One can only figure that Disney was none-too-pleased with Stephen Sondheim's comments regarding the upcoming film adaptation of "Into the Woods." Last week, he seemed to offer a disparaging tone in noting that significant changes to the story's content had been made (though he did note that if he had been in Disney's shoes, he would have made the same conservative calls). Today, through his lawyer, Sondheim has issued a statement to Playbill to clarify.

"An article in The New Yorker misreporting my 'Master Class' conversation about censorship in our schools with seventeen teachers from the Academy for Teachers a couple of weeks ago has created some false impressions about my collaboration with the Disney Studio on the film version of 'Into the Woods,'" he says. "The fact is that James (Lapine, who wrote both the show and the movie) and I worked out every change from stage to screen with the producers and with Rob Marshall, the director. Despite what the New Yorker article may convey, the collaboration was genuinely collaborative and always productive.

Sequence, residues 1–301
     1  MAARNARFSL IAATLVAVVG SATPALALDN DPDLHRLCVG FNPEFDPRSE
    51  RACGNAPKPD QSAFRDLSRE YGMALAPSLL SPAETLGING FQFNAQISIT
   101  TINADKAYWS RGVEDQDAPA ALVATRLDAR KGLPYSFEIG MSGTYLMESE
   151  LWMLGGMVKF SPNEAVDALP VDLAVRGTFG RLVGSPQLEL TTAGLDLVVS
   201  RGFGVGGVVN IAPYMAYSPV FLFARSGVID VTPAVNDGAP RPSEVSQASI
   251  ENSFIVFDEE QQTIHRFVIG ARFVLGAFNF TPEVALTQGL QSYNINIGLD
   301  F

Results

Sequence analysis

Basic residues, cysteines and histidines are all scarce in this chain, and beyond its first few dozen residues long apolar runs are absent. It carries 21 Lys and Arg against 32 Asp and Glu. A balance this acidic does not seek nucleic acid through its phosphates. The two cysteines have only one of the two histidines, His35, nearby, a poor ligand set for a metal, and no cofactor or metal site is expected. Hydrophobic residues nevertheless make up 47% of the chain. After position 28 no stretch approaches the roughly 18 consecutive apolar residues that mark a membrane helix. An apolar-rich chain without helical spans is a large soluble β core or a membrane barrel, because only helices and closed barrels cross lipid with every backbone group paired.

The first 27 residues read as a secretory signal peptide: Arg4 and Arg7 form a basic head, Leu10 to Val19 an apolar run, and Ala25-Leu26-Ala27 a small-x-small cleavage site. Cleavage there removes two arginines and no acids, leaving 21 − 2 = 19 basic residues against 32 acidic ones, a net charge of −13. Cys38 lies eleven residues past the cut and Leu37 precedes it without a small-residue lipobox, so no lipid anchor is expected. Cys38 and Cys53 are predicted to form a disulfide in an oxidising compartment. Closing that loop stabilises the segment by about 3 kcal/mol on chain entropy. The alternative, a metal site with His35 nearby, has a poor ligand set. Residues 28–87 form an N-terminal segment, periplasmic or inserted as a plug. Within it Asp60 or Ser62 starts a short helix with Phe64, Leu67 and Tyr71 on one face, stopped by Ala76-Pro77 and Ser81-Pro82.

"When the conversation with the teachers occurred, I had not yet seen a full rough cut of the movie. Coincidentally, I saw it immediately after leaving the meeting and, having now seen it a couple of times, I can happily report that it is not only a faithful adaptation of the show, it is a first-rate movie.

"And for those who care, as the teachers did, the Prince's dalliance is still in the movie, and so is 'Any Moment.'"

So, a few discrepancies between what he said was in the film and what he said was not in the film. And obviously he feels compelled to say anything at all. So… That's interesting.

"Into the Woods" will hit theaters Christmas Day.